Half the room was dark and on the other side of the bed, Emeka faced the little window that viewed Funkayo Street. The blades of morning light intermingled with the dust and noise from car drivers yelling against each other, tires wobbling in potholes, clashing horns, mothers shouting at their children to be careful on the road, vendors calling about the dailies, bread sellers beckoning on customers, and shop owners opening their wares; all sounded with no cadence. He didn’t feel like rising, all his bones were aching him, and the silent breeze and boredom made him feel sick. His phone showed sixteen missed calls. He dropped it back on the bed and looked at the peeling ceiling with cobwebs. His phone rang and he threw it down again; another runaway friend, he said to himself.
He had returned yesterday from school after having fun with his friends for a week. It was late August and the feeling of being in their finals by November and months away from being a graduate had made them go mad with joy. They all had plans on how to continue the pleasure, but when he arrived home late yesterday night, he was welcomed with the news that his brother had passed away. For all that happened last night, he couldn’t forget his mother whispering that Collins had been poisoned and that one of his friends had betrayed him.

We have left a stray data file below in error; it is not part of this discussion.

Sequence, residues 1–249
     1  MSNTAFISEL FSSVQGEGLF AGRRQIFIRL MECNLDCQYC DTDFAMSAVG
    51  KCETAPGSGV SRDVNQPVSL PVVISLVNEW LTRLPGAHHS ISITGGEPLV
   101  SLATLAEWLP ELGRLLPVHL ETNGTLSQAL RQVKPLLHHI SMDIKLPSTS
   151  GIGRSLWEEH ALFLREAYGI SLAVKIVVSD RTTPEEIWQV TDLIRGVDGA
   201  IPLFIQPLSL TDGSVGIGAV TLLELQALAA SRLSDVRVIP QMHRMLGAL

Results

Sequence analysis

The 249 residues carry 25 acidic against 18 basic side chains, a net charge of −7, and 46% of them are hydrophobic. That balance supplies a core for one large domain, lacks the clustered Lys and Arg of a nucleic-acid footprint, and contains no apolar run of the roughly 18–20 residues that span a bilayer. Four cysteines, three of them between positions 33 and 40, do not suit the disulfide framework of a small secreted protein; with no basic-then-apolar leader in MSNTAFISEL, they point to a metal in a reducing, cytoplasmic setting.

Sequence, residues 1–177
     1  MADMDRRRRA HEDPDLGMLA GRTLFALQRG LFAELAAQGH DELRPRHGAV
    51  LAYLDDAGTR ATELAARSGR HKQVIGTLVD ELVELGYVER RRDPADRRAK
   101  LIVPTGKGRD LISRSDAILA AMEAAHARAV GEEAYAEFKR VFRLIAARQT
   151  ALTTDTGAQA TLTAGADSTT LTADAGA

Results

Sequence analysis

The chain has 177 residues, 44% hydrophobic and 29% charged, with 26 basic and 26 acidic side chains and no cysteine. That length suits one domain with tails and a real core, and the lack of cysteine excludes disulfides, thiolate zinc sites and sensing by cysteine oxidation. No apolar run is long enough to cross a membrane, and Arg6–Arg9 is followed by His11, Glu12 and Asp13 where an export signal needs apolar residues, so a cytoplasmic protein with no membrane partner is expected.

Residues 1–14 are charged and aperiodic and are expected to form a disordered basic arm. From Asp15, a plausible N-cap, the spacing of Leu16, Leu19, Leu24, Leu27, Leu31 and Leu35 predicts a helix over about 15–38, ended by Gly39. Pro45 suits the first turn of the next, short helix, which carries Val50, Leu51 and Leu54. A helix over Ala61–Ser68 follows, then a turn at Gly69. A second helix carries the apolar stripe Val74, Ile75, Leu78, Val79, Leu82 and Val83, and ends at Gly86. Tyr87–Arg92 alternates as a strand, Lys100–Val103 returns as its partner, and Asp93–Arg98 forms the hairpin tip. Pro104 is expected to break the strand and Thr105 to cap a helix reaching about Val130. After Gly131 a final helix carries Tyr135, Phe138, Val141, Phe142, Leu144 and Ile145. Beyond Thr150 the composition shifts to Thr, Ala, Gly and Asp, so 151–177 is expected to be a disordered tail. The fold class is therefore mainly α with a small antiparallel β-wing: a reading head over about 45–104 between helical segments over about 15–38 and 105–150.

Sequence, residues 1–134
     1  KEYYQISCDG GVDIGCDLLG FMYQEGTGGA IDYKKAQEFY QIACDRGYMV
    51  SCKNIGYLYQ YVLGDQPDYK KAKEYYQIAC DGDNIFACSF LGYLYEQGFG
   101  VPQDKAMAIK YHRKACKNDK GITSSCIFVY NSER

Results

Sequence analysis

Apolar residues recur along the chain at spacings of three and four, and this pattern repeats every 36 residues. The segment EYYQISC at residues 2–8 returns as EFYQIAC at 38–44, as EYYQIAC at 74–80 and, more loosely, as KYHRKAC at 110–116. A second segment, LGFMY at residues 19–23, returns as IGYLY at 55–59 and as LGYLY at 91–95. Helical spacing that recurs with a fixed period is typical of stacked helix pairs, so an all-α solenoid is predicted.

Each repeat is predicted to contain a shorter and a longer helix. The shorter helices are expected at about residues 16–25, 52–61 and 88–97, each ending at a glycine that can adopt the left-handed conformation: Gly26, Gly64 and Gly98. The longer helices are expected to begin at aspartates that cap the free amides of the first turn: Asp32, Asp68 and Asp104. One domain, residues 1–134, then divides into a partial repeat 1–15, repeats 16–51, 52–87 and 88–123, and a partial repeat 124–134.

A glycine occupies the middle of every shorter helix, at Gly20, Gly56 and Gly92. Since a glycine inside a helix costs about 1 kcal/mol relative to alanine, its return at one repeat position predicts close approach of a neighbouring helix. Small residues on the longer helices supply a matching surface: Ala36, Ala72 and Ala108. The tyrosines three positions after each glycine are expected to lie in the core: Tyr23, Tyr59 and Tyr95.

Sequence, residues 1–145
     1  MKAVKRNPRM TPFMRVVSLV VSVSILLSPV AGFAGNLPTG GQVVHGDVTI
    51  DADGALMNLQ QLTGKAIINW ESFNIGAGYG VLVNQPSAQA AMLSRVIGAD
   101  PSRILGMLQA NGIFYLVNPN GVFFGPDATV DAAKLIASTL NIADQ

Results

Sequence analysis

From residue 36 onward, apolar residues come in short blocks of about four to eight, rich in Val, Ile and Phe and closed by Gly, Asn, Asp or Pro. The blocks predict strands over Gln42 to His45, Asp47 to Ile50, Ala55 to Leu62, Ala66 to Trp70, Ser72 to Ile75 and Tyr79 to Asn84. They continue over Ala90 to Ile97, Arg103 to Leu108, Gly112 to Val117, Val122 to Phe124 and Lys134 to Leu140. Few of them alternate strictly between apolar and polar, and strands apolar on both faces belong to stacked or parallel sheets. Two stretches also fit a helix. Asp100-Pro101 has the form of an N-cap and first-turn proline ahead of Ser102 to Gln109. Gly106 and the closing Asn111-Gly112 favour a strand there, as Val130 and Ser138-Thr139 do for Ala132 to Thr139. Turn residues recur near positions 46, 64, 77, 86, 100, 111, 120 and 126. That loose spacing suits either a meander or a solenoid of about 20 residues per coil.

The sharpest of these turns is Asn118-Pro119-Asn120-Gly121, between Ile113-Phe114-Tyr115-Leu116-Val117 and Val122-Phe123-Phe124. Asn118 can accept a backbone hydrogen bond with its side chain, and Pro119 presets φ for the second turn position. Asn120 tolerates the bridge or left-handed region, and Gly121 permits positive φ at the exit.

After much thought he washed his face and brushed his teeth, and went to meet each of his brother’s friends to ask what happened. Most of them said, “He was a good friend and I would not think of hurting him. He was more than a brother,” while others replied, “He was a scarred guy trying to find enemies that were his friends.”
When he got home that first day, he walked straight into Collins’s room and was surprised to meet it empty; slanted yellow rays from outside had caused it to be bright and fair. His sister Esther followed him. He walked to the blue wall opposite the wooden wardrobe and studied the black stains that resembled a man’s palm. It was a symbol of those years when Collins struggled in the valley of pessimism, when faith was far from him.